Social Media And Feeling FOMO
The Danger of Social Media
We all love social media. It might be as simple as looking at peoples’ statuses on Whatsapp or scrolling Facebook, Insta or TikTok for some entertainment.
Scrolling social media can be addictive, and there is a hidden danger that might be influencing how you spend your money and live your life.
The danger is the FOMO that social media can give you and how that impacts what you do with your money.
FOMO & Emotional Spending
FOMO: the fear of missing out is one of the leading culprits that drives what is known as ‘emotional spending’.
Emotional spending refers to the act of spending money in response to emotions, such as stress, anxiety, sadness, boredom, or excitement, rather than a deliberate intention to purchase something.
Emotional spending can also occur as a result of social pressure or the desire to keep up with others’ lifestyles. This type of spending can lead to impulsive and unnecessary purchases and relates to how we feel more than what we actually need or can afford.
How Cool Are You?
We all want to have a nice life and be liked and respected by others. We all want to be one of the ‘cool’ kids.
In today’s world, social media presents you with an endless 24/7 global stream of aspirational living featuring a curated group of friends, wealthy celebrities, and influencers who eat expensive brunches, buy fancy gadgets, and wear luxury clothing, all of which can make us feel like our modest lifestyle is inferior to theirs.
It’s hard not to feel the pressure to “keep up with the Joneses” when social media gives you a front-row seat to everyone’s highlight reel.
The Hidden Cost of Social Media FOMO
FOMO is probably as old as having neighbours and has an impact on us all to some extent. We may not even realise it.
Still, whether we realise it or not it can translate into some very expensive shopping habits.
A recent survey by Allianz Life found that 55% of millennials have experienced FOMO, and 57% say they spent money they hadn’t planned to because of what they saw on social media.
FOMO is not exclusive to millennials however and the phenomenon spans all generations, genders, relationship statuses, and income levels.
According to an article by Kerry Taylor on the topic, the e-commerce consultancy group RichRelevance found that Pinterest users spend on average R2,500 per converted order.
These users saw something they liked, decided they needed it and then spent money to get…whatever it was. A classic example of media impacting on spending. A win for the advertisers and marketing people.
If you’re checking your social feeds anywhere near the global average of 135 minutes per day, chances are you’re dropping some serious bucks based on what you are seeing on social media.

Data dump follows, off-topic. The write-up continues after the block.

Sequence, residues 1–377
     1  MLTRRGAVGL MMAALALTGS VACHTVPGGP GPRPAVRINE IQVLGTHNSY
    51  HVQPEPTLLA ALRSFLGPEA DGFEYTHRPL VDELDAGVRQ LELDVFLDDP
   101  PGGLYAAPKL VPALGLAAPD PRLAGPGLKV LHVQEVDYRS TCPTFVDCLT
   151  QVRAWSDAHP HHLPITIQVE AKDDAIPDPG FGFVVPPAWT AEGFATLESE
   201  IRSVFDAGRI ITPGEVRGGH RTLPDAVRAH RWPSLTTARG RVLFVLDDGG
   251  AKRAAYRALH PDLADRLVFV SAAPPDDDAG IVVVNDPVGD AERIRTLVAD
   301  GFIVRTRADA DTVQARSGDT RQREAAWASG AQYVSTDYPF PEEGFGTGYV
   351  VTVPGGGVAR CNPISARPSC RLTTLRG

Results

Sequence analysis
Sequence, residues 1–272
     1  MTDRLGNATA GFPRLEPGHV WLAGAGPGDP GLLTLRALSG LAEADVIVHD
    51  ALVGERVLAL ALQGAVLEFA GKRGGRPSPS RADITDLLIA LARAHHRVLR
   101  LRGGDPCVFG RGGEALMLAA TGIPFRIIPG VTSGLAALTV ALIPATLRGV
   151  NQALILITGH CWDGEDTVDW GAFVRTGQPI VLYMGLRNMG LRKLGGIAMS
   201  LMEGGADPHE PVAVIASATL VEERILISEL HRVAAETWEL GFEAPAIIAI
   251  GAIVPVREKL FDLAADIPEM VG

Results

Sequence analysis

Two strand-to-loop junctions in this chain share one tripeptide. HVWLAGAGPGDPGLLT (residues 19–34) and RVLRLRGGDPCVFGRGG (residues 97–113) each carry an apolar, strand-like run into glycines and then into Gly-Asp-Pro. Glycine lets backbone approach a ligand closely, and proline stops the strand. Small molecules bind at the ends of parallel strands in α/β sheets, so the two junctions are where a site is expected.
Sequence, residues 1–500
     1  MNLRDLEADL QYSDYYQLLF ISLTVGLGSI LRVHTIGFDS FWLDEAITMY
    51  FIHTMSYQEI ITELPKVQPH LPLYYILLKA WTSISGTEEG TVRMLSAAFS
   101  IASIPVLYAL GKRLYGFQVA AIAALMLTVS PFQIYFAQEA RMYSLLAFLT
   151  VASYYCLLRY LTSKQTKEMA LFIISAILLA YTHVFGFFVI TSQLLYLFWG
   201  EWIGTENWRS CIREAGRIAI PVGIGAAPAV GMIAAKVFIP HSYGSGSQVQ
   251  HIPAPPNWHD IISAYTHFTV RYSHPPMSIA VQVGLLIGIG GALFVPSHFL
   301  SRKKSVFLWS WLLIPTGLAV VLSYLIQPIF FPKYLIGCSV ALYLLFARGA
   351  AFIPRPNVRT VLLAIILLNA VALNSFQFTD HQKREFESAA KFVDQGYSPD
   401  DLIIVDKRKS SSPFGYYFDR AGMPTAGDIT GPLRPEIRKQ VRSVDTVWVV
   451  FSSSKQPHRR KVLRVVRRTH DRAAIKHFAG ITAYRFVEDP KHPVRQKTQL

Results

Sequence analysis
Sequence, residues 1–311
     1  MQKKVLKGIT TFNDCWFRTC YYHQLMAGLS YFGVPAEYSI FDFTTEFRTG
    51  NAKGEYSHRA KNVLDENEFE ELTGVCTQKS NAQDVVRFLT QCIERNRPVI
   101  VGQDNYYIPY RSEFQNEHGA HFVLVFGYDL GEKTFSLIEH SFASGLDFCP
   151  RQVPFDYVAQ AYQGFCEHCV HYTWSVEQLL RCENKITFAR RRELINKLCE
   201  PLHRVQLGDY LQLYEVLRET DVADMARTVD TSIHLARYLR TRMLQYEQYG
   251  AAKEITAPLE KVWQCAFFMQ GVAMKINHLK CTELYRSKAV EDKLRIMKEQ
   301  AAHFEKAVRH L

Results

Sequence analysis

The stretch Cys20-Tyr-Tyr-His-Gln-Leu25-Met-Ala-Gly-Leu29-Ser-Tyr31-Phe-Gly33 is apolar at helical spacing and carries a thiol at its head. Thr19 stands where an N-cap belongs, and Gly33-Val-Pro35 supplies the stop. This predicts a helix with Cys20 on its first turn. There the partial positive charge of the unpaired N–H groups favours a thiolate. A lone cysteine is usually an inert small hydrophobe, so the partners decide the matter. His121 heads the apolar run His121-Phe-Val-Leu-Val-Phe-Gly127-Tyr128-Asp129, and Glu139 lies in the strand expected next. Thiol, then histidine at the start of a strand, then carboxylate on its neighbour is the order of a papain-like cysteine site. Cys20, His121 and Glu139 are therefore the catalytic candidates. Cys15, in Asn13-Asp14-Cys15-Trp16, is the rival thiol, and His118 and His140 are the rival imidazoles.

If you are living on less, you probably have to stick to a pretty tight budget each month in order to ensure that you make your debt repayments. The danger then is that FOMO might throw you off your game and wreck your plans.
So how do you fight FOMO?
Limiting the time that you spend on social media is one key to taming emotional spending.
Look at who you follow and ask yourself: “Does this person give me financial anxiety?” “Am I comparing my self-worth to others?” If so, then unfollow or mute that feed.
‘Limiting the time that you spend on social media is one key to taming emotional spending’
If you want to go hardcore then removing social apps like Facebook, Twitter, Instagram, and Pinterest from your phone is a solid way to kill the source of emotional bankruptcy, relativity bias, and social comparisons elevated through social media.
Or perhaps simply adjusting your online circle and social feeds to less showy people and stuff can boost your relative happiness (and hopefully decrease FOMO) since your source of comparison is gone. By simply avoiding those who are showing off you might feel better while you are on social media.
The Importance of Acknowledging Social Media Realities
It’s important to acknowledge that social media is not a reflection of reality.
The heavily curated images and messages we see online are often far from the truth, and it is unrealistic to compare our lives to others on social media.
What we are seeing in a few seconds may give us the impression that the person we are seeing has those circumstances all day every day. We don’t get to see all the hard work that lies hidden in the background getting that perfect shot.
We need to realise that what we are seeing is not the full, realistic picture. It is a moment frozen in time and well planned to give a particular impression.
Can You Give It 24 Hours?
Before making a purchase online because of something nice that you have seen or come across can you give yourself a full 24 hours to get over the initial impulse to buy?
By allowing your brain this time to get rid of the initial comparative urge and influence of the media you have seen advertising whatever it is you can avoid a purely emotional response and engage some of your rational intellectual thinking.
‘can you give yourself a full 24 hours to get over the initial impulse to buy?’
Give yourself time to think about if you really need the thing or service. Weigh up if it falls within your budget or if you can afford it now. Perhaps you might realise it will take a little saving up to afford the purchase and you can then plan and budget better for it.
Don’t Let Social Media or FOMO derail Your Financial Habits
Social media FOMO is a real problem for many people, and it can be costly. By limiting the time you spend on social media and being mindful of who you follow, you can avoid feeling like you need to keep up with the Joneses.
Remember, social media is not a reflection of reality, and it’s important to keep this that before making any quick purchases.
So next time you feel the urge to follow that link and spend those bucks, consider if you can maybe just wait a little bit and decide if you really need that thing tomorrow.